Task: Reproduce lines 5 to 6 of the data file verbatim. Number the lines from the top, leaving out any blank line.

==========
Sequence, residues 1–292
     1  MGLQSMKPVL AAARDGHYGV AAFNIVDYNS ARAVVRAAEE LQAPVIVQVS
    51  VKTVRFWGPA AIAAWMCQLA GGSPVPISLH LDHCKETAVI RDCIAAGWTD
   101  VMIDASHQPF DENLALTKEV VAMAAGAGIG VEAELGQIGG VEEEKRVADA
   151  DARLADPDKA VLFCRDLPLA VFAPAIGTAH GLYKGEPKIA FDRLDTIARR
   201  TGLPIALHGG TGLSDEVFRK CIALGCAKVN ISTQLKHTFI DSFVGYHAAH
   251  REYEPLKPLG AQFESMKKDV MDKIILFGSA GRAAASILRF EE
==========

   151  DARLADPDKA VLFCRDLPLA VFAPAIGTAH GLYKGEPKIA FDRLDTIARR
   201  TGLPIALHGG TGLSDEVFRK CIALGCAKVN ISTQLKHTFI DSFVGYHAAH